Results from this study suggest that CAI and other digital based medical education tools can have a significant impact on patient satisfaction with counseling and patient health care decision making. Though older patients tend to not be as familiar or comfortable with computer based educational tools, particularly in a health care related setting,13 we found that, even when stratifying for age, patients expressed a substantial preference for CAI counseling methods for understanding diagnosis and surgical treatment options for the management of SUI and POP. This study may indicate that CAI can be used to increase patient comprehension of their SUI and/or POP diagnosis. Moreover, as patients expressed that CAI was more influential in helping patients decide on treatment preference, employing CAI for patient counseling prior to surgical intervention for SUI and/or POP, may help facilitate the patient’s decision-making process.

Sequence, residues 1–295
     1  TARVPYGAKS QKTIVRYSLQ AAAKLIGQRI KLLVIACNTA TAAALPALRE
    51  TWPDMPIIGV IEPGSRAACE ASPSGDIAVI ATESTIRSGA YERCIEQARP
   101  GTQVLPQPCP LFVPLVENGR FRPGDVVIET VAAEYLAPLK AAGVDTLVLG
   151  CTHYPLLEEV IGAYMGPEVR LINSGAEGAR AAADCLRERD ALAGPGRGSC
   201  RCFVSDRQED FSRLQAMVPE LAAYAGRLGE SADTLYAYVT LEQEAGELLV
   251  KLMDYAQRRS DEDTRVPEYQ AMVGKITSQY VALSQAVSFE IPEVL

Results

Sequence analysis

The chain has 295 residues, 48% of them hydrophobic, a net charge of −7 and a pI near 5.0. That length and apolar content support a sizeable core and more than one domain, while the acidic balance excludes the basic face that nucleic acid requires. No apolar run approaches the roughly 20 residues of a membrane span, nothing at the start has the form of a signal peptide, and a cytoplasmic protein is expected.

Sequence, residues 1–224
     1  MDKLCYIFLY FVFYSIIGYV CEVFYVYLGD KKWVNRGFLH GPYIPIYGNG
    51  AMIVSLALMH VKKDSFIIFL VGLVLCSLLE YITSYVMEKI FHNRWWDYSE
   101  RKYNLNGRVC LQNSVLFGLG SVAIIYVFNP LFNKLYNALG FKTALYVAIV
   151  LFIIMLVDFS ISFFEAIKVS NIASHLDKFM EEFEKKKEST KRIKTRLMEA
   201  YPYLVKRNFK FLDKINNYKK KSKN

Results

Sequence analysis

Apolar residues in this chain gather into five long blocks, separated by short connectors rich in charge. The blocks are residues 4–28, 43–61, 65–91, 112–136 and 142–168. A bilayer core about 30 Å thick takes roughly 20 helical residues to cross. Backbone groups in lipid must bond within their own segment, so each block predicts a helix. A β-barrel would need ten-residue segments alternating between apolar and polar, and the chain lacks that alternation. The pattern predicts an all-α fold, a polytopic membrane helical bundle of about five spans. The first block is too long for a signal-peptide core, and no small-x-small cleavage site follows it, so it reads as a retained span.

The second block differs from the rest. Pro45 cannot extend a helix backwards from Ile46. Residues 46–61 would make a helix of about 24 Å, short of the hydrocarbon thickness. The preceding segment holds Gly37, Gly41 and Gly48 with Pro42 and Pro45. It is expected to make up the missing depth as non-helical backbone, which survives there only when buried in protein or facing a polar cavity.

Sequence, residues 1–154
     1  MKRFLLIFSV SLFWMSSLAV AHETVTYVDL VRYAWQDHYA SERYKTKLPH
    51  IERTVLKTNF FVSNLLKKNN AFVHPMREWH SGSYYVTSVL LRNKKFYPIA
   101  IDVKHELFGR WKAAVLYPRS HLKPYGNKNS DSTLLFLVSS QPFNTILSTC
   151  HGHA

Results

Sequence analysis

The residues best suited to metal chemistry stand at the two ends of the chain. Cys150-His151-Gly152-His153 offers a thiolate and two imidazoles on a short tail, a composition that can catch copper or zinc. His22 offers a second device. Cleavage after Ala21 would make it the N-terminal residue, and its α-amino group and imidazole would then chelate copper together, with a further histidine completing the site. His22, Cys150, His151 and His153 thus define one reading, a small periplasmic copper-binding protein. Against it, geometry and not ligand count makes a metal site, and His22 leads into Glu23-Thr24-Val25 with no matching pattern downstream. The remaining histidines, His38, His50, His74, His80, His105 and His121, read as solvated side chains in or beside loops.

Study limitations include small number or patients enrolled due to time constraints during office hours. Moreover, due to geographic constraints, our study population was predominantly Caucasian, and therefore results may not be applicable to other demographic areas. Additionally, due to the desire for head-to-head direct comparison of the counseling methods, patients were not randomized and investigators were not blinded, which may introduce bias. Nevertheless, as results of this study are persuasive, further confirmatory investigations are warranted. Future directions should include testing patient understanding of their diagnoses with a basic quiz before and after counseling with CAI vs. TD.